PubMed Abstract | CrossRef Full Text | Google Scholar

160. Aultman JM, Moghaddam B. Distinct contributions of glutamate and dopamine receptors to temporal aspects of rodent working memory using a clinically relevant task. Psychopharmacology (Berl) (2001) 153:353–64. doi:10.1007/s002130000590

PubMed Abstract | CrossRef Full Text | Google Scholar

161. Gorelova NA, Yang CR. Dopamine D1/D5 receptor activation modulates a persistent sodium current in rat prefrontal cortical neurons in vitro. J Neurophysiol (2000) 84:75–87.

PubMed Abstract | Google Scholar

162. Dong Y, White FJ. Dopamine D1-class receptors selectively modulate a slowly inactivating potassium current in rat medial prefrontal cortex pyramidal neurons. J Neurosci (2003) 23:2686–95.

PubMed Abstract | Google Scholar

163. Adlersberg M, Hsiung SC, Glickstein SB, Liu KP, Tamir H, Schmauss C. Regulation of dopamine D-receptor activation in vivo by protein phosphatase 2B (calcineurin). J Neurochem (2004) 90:865–73. doi:10.1111/j.1471-4159.2004.02562.x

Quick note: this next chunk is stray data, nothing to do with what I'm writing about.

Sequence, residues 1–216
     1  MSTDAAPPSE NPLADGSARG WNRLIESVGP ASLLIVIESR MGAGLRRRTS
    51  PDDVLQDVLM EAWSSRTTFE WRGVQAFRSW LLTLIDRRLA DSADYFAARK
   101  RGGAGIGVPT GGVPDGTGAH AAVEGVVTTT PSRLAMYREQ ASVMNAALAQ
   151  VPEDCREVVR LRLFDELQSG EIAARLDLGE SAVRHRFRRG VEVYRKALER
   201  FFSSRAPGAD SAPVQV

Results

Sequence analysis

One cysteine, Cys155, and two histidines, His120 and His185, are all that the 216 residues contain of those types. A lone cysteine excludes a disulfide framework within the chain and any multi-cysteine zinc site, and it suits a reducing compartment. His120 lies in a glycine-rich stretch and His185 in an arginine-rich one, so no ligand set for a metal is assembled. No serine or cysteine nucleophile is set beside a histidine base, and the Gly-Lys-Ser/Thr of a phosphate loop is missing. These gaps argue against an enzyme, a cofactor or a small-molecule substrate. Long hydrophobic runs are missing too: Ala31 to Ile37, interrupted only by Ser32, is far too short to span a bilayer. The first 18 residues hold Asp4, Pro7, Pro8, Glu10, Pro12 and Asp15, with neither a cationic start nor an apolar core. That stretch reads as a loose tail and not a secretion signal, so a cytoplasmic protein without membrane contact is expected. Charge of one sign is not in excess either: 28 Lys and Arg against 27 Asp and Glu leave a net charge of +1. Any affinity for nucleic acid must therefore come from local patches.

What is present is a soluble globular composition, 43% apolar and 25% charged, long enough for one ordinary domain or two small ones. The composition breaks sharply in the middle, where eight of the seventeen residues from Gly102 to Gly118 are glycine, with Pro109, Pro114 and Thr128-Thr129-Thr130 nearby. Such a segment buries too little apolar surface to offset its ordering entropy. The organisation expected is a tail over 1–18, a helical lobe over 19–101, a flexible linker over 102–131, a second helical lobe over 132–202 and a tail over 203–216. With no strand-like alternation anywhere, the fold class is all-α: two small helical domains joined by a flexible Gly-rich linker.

PubMed Abstract | CrossRef Full Text | Google Scholar

164. Uhlen M, Oksvold P, Fagerberg L, Lundberg E, Jonasson K, Forsberg M, et al. Towards a knowledge-based Human Protein Atlas. Nat Biotechnol (2010) 28:1248–50. doi:10.1038/nbt1210-1248

CrossRef Full Text | Google Scholar

165. Uhlen M, Fagerberg L, Hallstrom BM, Lindskog C, Oksvold P, Mardinoglu A, et al. Proteomics. Tissue-based map of the human proteome. Science (2015) 347:1260419. doi:10.1126/science.1260419

PubMed Abstract | CrossRef Full Text | Google Scholar

Keywords: schizophrenia, PLC-β1, schizophrenia endophenotypes, mPFC, DLPFC

Citation: Kim S-W, Cho T and Lee S (2015) Phospholipase C-β1 Hypofunction in the Pathogenesis of Schizophrenia. Front. Psychiatry 6:159. doi: 10.3389/fpsyt.2015.00159

Received: 27 August 2015; Accepted: 26 October 2015;
Published: 17 November 2015

Edited by:

Blazej Misiak, Wroclaw Medical University, Poland

Reviewed by:

Madhara Udawela, The Florey Institute of Neuroscience and Mental Health, Australia
Sergej Nadalin, University of Rijeka, Croatia

Copyright: © 2015 Kim, Cho and Lee. This is an open-access article distributed under the terms of the Creative Commons Attribution License (CC BY). The use, distribution or reproduction in other forums is permitted, provided the original author(s) or licensor are credited and that the original publication in this journal is cited, in accordance with accepted academic practice. No use, distribution or reproduction is permitted which does not comply with these terms.

*Correspondence: Seong-Wook Kim, seongwook0205@gmail.com

Seong-Wook Kim and Taesup Cho have contributed equally to this work.